These are certainly trying times for market participants. The ASX 200 for example has now entered into true ‘market correction’ territory – that is, a fall in excess of 10% peak to trough in terms of market performance. What started all this off? Well, last week the US Federal Reserve surprised most when minutes of its meeting did not provide a clear signal that they would raise rates at their September meeting. This rattled market participants as it set in place rumours that the correction in China’s equity market could be having considerable economic consequences (hence the Fed’s reluctance to raise rates). As China remains an enigma and there is doubt concerning the accuracy of information emanating out of the country, we are in effect dealing with pure uncertainty – and markets dislike uncertainty. Subsequently, there is no way to refute the rumour that there is something considerably wrong in China. Indeed, to make matters worse, on Friday China’s unofficial manufacturing PMI series came in below expectations and this (combined with the fact that the US market has been overstretched from a valuation standpoint for quite a while) was sufficient to generate the types of moves we witnessed in the US on Friday and again yesterday in the Australian, Asian, European and US markets noting however that at the time of sending this the ASX200 is up some 2.2% for the day.
Let me state at the outset that we think this is a market correction, not a crash. We went through a similar shock last year. This time the move is slightly larger but we believe we should expect this given that the investment cycle is at a more mature stage. Indeed, it has been the Investment Committee’s standpoint that we are likely to experience an increasing frequency of market shocks (corrections) going forward. As for the economic consequences of all this, if China is truly in trouble then we are likely to see a considerable monetary stimulus response from China’s ruling elite. This could cause a sharp positive movement in markets if and when it does happen. In terms of the rest of the global economy, the US is just fine (its slow economic recovery remains firmly on track) and for Australia’s economy, the slowdown in China is one of the reasons we think the RBA will cut interest rates again. Up until a couple of days ago this was a very little held view but now many now are coming around toward our way of thinking.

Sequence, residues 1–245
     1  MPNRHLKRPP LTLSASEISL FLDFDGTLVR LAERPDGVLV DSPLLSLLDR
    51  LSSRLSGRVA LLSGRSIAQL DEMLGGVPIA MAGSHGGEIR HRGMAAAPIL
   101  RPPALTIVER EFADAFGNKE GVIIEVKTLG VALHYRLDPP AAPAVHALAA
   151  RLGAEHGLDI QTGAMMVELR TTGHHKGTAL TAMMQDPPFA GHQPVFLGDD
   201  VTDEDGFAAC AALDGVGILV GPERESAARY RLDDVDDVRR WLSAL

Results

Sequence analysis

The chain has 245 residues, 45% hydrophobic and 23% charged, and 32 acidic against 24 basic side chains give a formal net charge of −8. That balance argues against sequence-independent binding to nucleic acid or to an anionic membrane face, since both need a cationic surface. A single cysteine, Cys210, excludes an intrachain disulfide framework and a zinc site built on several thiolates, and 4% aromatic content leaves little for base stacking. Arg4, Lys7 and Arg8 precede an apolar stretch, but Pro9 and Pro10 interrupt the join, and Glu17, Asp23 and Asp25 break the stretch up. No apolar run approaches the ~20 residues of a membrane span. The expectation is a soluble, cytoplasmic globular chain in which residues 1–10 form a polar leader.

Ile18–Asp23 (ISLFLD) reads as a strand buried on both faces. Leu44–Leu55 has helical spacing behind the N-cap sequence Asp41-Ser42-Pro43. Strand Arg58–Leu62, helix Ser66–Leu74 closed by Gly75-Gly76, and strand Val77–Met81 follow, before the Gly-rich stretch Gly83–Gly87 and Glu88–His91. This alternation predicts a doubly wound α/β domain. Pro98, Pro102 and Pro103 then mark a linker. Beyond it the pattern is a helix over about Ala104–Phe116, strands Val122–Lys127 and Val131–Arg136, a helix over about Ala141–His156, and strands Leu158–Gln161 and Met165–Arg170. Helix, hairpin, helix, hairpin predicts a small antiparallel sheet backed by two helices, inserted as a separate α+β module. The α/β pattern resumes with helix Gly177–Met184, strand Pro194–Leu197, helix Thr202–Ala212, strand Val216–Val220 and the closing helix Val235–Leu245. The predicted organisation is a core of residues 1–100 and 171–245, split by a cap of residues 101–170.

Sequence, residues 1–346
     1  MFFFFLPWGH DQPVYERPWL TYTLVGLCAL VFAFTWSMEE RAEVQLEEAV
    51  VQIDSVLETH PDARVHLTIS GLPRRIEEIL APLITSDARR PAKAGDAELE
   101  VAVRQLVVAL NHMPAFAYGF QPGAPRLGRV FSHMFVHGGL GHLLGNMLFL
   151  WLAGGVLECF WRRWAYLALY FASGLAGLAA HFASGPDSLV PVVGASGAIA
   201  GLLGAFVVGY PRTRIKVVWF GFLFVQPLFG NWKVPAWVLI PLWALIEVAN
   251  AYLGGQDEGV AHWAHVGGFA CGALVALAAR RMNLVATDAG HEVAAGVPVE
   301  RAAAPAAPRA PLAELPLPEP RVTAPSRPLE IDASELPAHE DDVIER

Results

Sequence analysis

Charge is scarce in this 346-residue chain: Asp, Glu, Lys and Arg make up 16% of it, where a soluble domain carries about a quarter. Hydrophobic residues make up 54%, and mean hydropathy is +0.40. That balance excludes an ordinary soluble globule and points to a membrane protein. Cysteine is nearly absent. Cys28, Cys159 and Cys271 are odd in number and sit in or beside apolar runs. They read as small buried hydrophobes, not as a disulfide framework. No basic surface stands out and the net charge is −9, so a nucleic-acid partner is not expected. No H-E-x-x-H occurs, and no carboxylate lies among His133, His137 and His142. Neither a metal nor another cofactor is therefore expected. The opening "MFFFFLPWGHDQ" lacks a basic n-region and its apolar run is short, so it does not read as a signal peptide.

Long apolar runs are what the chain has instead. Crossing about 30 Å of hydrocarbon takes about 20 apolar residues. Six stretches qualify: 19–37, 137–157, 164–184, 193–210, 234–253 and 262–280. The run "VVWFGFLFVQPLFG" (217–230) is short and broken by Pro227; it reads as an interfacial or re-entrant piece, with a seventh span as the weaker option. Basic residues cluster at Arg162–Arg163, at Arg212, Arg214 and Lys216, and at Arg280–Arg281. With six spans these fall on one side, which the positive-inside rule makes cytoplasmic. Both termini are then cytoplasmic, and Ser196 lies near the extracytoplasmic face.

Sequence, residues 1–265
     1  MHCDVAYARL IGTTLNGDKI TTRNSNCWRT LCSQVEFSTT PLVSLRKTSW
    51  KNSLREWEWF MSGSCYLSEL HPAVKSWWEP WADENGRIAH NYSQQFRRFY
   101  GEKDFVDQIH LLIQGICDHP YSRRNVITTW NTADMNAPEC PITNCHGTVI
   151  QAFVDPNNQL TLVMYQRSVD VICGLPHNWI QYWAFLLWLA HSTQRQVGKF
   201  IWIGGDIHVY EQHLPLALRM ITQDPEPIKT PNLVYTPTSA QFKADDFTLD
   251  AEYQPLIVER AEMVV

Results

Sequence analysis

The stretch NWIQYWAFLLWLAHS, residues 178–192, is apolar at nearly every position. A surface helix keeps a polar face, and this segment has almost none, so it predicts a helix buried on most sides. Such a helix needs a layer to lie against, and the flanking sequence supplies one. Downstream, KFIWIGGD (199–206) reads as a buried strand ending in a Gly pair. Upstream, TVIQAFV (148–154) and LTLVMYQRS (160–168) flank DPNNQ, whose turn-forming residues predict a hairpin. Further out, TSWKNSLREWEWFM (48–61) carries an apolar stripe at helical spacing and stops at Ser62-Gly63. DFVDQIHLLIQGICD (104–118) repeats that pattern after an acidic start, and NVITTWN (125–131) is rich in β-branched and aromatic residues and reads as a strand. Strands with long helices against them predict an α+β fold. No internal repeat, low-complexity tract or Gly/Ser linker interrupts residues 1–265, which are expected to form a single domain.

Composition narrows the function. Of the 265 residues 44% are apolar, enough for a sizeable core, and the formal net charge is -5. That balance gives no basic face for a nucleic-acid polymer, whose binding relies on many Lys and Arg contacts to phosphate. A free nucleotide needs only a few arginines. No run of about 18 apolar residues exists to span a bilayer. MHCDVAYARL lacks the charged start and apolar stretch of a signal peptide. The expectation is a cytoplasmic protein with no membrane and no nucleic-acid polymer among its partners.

For the Stonehouse Core Value Portfolio (CVP) our responses have been two-fold – defensive and opportunistic. From a defensive standpoint, given that we believed we had already entered into the mature stage of the investment cycle, we have already increased our defensive exposures in anticipation of greater volatility. So far, this strategy appears to be paying off with reports today from defensive managers such as Triple 333 that they stand to make considerable profits should the present heightened volatility environment persist. Still, it would be hard for these managers to totally offset losses elsewhere and we expect if the market rout continues the CVP will still record a negative return for the month – but nowhere near as large as that experienced in equity markets. From an opportunistic standpoint, we have been topping up positions where we feel value predominates and are presently considering further utilising cash built up in the CVP to buy equities that appear to have been oversold.
These are trying times and it is difficult to keep one’s head when everyone else seems to be losing theirs. The trick to staying calm is to have a definitive plan. Indeed, we should expect market corrections such as the one we are presently experiencing to be an ongoing feature of our investment landscape just as much as drought and flood is an endemic feature of the farming landscape. Having in place a plan to mitigate against the downside when it inevitably comes (which we already have) and then opportunistically seizing upon any irrationality by others when such shocks occur (which we are presently doing) is the key to long term investment success.